Up in the Air


So I’m up in the air again, I’ve been traveling rather a lot lately, which gives ample time for thought and reflection. And today I am thinking about the elections in Kenya. I’m also thinking about my baby Sunday Live, a show I envisioned for a long time and finally got the chance to create with the amazing and dynamic team at Citizen TV four years ago.

I wanted to do something different. Sunday Live was different. We had just come out of the post election violence of 2008 and I, like many Kenyans, was traumatized. But perhaps my trauma was, well,  different. As part of the media fraternity I felt a great sense of responsibility towards the country. We had urged people to take their vote seriously and exercise it.

Through civic education we taught them that our rights are important…

Well, the vote became as serious as life or death, and haki yetu became a clarion call for violating the rights of others.

I started a process of self analysis and asked myself a lot of questions about the role of the media. I asked myself about my role, my responsibility, my legacy. I embarked on my journey in studying leadership and society with the Africa Leadership Initiative, and was haunted by Plato’s Allegory of the Cave, where an enlightened individual returns to his original condition to enlighten those who were left behind but as a result suffers a tragic fate at the hands of those he sought to ‘save’.

Indeed as one becomes enlightened they have a responsibility and an innate need to enlighten others, however if a society is not ready for knowledge, they will sacrifice the messenger. It has happened time and time again – the Mahatma, Martin Luther King Jr and the Wonderful Counselor and Prince of Peace Jesus Christ all met with this fate.

So what do you do? Do you communicate the message anyway? How do you communicate it? At this critical point in 2009 I had the opportunity to conceptualize Fist to Five for Change, a talk show focused on reconciliation, and this show taught me some serious lessons about being a change agent for the good society. The most powerful of those lessons was this…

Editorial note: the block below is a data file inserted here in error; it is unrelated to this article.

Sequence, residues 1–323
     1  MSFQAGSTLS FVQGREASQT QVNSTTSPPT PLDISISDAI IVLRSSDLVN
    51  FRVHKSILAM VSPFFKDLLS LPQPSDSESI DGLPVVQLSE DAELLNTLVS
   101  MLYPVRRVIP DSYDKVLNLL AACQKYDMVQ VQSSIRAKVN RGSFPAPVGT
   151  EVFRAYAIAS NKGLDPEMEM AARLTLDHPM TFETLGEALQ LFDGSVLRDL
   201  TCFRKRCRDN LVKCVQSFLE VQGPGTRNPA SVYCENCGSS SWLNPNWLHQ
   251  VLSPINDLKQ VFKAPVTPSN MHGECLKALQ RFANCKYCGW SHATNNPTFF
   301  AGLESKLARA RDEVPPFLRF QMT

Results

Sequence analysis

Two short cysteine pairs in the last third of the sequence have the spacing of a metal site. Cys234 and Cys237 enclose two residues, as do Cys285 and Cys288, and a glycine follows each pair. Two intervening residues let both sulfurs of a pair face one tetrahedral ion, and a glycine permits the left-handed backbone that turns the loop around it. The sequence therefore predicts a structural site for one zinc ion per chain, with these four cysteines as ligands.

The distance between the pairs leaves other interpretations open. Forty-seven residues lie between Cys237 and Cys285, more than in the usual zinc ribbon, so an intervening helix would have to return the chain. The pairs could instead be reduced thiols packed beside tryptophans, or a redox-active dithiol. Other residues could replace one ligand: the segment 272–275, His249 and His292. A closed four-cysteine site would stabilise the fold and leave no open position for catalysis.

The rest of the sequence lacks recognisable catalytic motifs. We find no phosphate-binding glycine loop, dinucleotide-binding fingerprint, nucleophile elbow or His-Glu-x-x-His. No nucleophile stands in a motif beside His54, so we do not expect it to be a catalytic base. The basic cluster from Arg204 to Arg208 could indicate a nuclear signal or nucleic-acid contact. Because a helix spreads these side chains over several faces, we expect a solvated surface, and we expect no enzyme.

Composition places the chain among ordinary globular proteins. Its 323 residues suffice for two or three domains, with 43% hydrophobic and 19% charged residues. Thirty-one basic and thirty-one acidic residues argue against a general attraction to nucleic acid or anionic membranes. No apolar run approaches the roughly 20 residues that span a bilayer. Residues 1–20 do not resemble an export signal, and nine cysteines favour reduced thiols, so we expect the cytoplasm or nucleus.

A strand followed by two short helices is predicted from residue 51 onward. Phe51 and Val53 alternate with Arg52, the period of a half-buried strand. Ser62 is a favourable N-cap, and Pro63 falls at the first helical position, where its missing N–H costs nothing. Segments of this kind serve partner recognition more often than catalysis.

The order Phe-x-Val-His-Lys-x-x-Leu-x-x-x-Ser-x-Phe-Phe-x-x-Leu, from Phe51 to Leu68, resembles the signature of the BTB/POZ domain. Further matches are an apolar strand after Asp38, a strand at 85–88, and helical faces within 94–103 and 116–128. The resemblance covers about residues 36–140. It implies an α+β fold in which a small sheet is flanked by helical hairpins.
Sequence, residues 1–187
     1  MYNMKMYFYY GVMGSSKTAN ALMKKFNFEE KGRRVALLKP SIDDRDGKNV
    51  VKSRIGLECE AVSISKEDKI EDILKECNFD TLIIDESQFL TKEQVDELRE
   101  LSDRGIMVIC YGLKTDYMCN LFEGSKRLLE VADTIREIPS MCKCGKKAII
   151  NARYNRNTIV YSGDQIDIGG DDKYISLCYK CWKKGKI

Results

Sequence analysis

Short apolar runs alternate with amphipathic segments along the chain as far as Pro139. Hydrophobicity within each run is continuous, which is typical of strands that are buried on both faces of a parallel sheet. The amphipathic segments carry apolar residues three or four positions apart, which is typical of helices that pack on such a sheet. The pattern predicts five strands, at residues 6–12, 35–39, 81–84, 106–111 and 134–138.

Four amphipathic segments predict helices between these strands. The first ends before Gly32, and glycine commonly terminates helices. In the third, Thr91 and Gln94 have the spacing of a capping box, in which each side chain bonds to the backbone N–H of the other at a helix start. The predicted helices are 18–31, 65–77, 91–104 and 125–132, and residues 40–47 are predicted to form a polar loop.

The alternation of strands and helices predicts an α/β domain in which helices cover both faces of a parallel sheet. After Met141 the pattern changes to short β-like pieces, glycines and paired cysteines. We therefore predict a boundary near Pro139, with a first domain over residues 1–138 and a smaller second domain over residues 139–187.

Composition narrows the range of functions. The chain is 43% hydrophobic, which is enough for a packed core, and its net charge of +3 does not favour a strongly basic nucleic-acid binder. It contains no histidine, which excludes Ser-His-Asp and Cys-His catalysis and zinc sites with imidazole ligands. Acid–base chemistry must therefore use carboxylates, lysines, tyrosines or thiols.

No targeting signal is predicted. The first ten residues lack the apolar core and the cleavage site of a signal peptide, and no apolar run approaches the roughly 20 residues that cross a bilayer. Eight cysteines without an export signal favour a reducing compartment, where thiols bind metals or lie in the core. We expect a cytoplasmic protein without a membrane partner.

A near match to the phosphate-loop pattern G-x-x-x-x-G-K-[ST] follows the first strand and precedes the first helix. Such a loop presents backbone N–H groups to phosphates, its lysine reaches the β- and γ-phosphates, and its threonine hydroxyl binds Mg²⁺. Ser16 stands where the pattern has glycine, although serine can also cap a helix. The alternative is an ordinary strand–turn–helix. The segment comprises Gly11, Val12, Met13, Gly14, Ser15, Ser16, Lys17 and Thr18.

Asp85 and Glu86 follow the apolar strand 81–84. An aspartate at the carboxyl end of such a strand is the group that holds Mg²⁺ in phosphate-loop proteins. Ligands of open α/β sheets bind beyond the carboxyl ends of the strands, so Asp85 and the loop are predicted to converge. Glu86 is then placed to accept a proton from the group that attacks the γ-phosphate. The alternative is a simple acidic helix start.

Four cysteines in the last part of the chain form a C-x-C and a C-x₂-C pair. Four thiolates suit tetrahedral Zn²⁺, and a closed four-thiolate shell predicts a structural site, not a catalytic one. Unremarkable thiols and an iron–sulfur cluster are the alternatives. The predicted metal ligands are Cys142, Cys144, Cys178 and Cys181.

I may believe my truth and my perspective is an absolute truth, however everyone has a truth they believe in -  and to each of us that truth is absolute. In a multicultural society, that makes for many, many different ‘absolute truths’. It is only in a civil, respectful and dignified exchange of ideas that one can truly hear and understand the others’ truth and respond to it accordingly.

Sadly, in Kenya, what we have been doing is trying to see who can shout the loudest. We embrace the notion that he who shouts the loudest is the one who stands with the truth. What is the result of that? Extreme voices tend to speak out and get louder and more extreme while moderates who are calm and tempered keep silent, or are silenced. The media then picks up on extreme voices and creates the false impression that we are all extreme.

The wellbeing of the moderate majority is caught in the grips of the extreme minority – frightened and unsure of how to respond. All can be lost so easily.

Therefore even as the political mood and discourse in the country gets increasingly heated, we must strive to keep the waters calm as opposed to stoking the flame.

To illustrate this point just look at all the heat surrounding the issue of polls… And if you don’t believe in polls just gather a roomful of diverse Kenyans together and try to get them to agree on a candidate. In most instances individuals will have a varied opinions, and they are entitled to them. That is why we vote. We accept that we all have a view, as an adult citizen we are entitled to choose our leaders based on our views – the leader selected by the majority will win. So back to the roomful of Kenyans, when the debate starts on the candidates those with extreme positions will get loud, louder, and more obstinate, possibly even abusive.

The moderates will talk less and less, eventually their voices will not even be heard. If this happens to Kenya, we will all be up in the air…

And so, even as there is no doubt that Kenyans will have different views and opinions, millions in fact – that is fine. You are entitled to your truth and the ultimate decision you make based on your information and your value systems and will inform your vote at the poll. If you choose to vote at all… And that too is your prerogative.

If we seek a dignified society, we must embody that dignity and grant the same to others. Au sio?

God bless you and God bless Kenya.

Afro-optimist * Wife * Mother * Child of God TV Host * Writer * Producer * Entrepreneur * Philanthropist

54 Comments on "Up in the Air"

  1. Nginda says:

    It’s so loud Inside my head
    With words that I should have said!
    As I drown in my regrets
    I can’t take back the words I never said
    I can’t take back the words I never said

  2. @KahigaStone says:

    Good Job Jules. God Bless You.

  3. Such an inspiration INDEED! Your Peace Journalism is amazing, and a blessing to a peace building proffessional like me….keep it up!

  4. raphael says:

    i do smtyms wonder whether God could have ever created a JULIE that is any better than you are- your words are so strong and powerful!

    A woman who not only loves all that she does… but also does them perfectly.

    You have proved to be the most powerful woman so far in Citizen (though this doesnt mean that others r not powerful)- your Sunday LIVE is not only live but also LOVELY-

    Who else can manage to do what you do in interviews?? Maybe he/she has not yet come to Citizen!